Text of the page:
For the first time in five months, the national delinquency rate improved, falling to 7.6% in June as the number of past-due mortgages fell by 98,000, according to Black Knight.
This comes after the delinquency rose from 3.2% in January to 7.8% in May.
Serious delinquencies—those 90 or more days past due—rose by more than 1.2 million as the initial batch of borrowers impacted by COVID-19 missed their third payment.
The 1.87 million mortgages labeled as seriously delinquent is the highest level since early 2011.
Active foreclosures continue to decline as foreclosure moratoriums are still in place. June’s 192,000 active foreclosures were the fewest on record dating back to 2000.
Additionally, prepayment activity hit its highest level in 16 years in June, which Black Knight states are fueled by record-low mortgage rates.
While there is good news nationally, pockets of the nation are still struggling. The Orange County Register reported that 6% of borrowers in Los Angeles and Orange counties in April were late 30 days or more, according to data from CoreLogic. This is a stark contrast from the 2.3% rate last year.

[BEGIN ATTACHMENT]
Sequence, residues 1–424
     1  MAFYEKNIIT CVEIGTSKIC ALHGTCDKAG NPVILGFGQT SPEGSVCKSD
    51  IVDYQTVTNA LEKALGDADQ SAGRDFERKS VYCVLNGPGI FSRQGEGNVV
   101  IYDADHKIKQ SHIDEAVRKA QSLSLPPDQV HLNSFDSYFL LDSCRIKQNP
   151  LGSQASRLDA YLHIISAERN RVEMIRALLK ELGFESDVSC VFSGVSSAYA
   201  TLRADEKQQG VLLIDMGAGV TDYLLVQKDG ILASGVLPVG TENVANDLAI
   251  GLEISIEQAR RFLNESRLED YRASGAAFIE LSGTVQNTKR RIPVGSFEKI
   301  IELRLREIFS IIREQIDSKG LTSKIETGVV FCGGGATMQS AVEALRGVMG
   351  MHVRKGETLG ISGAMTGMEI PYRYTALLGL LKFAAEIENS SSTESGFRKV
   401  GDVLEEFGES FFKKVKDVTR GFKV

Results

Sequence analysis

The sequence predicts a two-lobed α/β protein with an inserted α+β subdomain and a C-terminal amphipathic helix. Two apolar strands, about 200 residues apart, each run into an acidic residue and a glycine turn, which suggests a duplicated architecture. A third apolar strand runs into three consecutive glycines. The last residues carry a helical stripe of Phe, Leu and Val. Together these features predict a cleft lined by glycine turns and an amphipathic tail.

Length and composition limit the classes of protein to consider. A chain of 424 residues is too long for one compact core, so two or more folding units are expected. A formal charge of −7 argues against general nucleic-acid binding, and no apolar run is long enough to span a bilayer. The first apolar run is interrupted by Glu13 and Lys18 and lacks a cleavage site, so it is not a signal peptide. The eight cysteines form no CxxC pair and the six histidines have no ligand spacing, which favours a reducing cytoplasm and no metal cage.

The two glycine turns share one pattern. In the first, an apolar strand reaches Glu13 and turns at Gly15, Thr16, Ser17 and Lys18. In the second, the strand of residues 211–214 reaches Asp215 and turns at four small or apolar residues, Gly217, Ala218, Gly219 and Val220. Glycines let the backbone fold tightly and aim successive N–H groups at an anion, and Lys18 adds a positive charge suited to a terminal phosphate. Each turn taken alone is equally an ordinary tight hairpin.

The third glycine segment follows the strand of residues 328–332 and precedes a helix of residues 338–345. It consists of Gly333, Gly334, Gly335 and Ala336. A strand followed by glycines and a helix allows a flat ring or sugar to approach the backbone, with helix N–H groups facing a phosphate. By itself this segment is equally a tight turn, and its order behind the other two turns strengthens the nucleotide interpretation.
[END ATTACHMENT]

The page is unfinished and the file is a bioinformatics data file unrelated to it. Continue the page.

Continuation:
“[Southern California] is still faring relatively better than some parts of the country where delinquencies spiked to over 10% in April,” said Selma Hepp, Deputy Chief Economist, CoreLogic. “Nevertheless, the future trajectory of mortgage delinquencies will depend on the trajectory of the COVID-19 crisis. Recent spikes in new cases will have an impact on local economic outcomes and the ability of unemployed to return to work.”
The Orange County Register states that as of July 7, 10% of homeowners in Los Angeles and Orange County with a mortgage said they skipped or deferred the previous months’ payments, which is an improvement from April’s 12%.
Nationally, 13% of borrowers said they missed the payment vs. 11% in April.
The census found 9% of borrowers in Orange and Los Angeles counties will defer or have “no confidence” they can make their next mortgage payment.